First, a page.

Sunday, February 12, 2012

You can't fix me

For the past 10 to 15 years, I’ve been suffering from depression, and I don’t feel like a fully human at least for a few hours every day. I spend 30 minutes running on a treadmill. The remaining time is for working or sleeping or surfing the internet. Sleeping gives me the breathing room to be away from my own conscious s hell. Running has allowed me to be productive while I am awake; it gives me the boost I need to get on with each day. On the rare occasions that I don't run, I feel extremely negative about myself and life in general. Specifically, I would feel uncomfortable with the way I look, and I’d get so nervous and close to having panic attacks.

Running is just a band aid solution for me though. As the effects of endorphins die down, and the euphoric feeling I get from running dwindles, I start losing my concentration, Negative thoughts resurface and multiply, and I go back to my old habits of numbing myself with unrestrained internet surfing, binge eating and other self-sabotaging behavior.

Years of depression and social anxiety have caused me to lose touch with myself. I don’t remember a time when I wasn’t medicated with one pill or another. On my good days, I feel like a walking shell. On my bad days, I cannot stop thinking and worrying about people and everything that goes on in my surroundings.

I haven’t always been this way, not until I was into my adolescent years. The most important lesson I learned in high school was self-loathing. I was called a loser and abused everyday at school by bullies, and I was paralyzed with fear. The bullies made me feel worthless. I also started hating myself because I believed I was an ugly faggot, not worthy of having friends, let alone being loved.

Since the bullying, I became desperate. The way I feel about myself depends entirely on whether I have a boyfriend or any friends at the moment. II came to see myself as someone who cannot be fixed because I internalized myself to the extent that my entire identity is my depression, social anxiety and self loathing. Since I spent my formative years hating myself and living with the mental health issues that have arisen due to bullying, I never had a chance to develop fully into the person I was meant to be, nor have I really come to term with who I am. I was labeled a faggot before I became aware of my own sexuality, and my gender identity came into question when life became unbearable for many different reasons, such as never feeling like I was a man to begin with, and never feeling self acceptance or acceptance from others. What will my identity be if I am ever fixed?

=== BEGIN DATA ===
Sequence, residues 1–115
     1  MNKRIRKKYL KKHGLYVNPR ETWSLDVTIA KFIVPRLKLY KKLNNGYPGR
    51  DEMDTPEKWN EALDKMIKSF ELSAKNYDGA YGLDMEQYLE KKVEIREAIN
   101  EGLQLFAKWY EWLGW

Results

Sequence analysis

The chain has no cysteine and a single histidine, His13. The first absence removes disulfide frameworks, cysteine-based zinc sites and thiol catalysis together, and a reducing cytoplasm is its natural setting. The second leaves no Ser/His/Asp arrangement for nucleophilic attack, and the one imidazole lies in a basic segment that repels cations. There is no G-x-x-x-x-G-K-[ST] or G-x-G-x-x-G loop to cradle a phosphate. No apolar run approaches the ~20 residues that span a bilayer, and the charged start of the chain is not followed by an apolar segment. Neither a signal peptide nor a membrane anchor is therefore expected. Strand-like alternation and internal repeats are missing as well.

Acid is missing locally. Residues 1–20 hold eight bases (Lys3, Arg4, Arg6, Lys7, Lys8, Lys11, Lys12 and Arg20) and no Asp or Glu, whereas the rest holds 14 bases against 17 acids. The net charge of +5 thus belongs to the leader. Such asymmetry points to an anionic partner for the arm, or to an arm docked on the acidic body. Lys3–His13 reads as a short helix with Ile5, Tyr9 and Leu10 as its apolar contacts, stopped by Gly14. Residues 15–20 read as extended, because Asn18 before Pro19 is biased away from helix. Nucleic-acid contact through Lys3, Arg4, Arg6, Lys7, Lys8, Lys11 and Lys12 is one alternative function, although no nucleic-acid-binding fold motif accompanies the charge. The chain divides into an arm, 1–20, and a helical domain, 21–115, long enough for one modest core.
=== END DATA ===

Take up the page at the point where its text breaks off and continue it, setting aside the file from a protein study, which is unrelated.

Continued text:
Different psychiatrists and psychologists have worked with me, to no avail. I was put on one medication and another. Nothing changed how I feel about myself or about life. One mental health professional told me my depression is not related to my gender identity or sexuality, and that I should not transition to a woman until I made the transition to be a fully functioning human being. I did not take his advice. Instead, I felt rejected. I visited another psychiatrist and he told me I have gender identity disorder after half an hour of speaking with me. He gave me the green light to start hormone therapy and I never saw him or any other psychiatrist again.

My life hasn’t gotten any easier since I began my hormone therapy. In some ways, I met even more discrimination and prejudices. On the other hand, the way other people see me, and the way I see myself has improved as I start looking more like a female with each passing day. I met a few men who have shown me true understanding and love, who made me feel better about who I am. Nevertheless, I still have trouble changing the way I feel about myself. It is true that “the more things change, the more they remain the same.”

My issue with self acceptance is made even more complicated as I continue to struggle with my identity: Am I a woman or a man, or both or neither? More importantly, depression and social anxiety are still my only constant companions and reminders of how little I have changed over the years and how much my history of being bullied informed the kind of person I am today. The paralyzing effect of fear and self loathing continue to put my life on hold, perhaps indefinitely, so the only thing left for me to do is to run.

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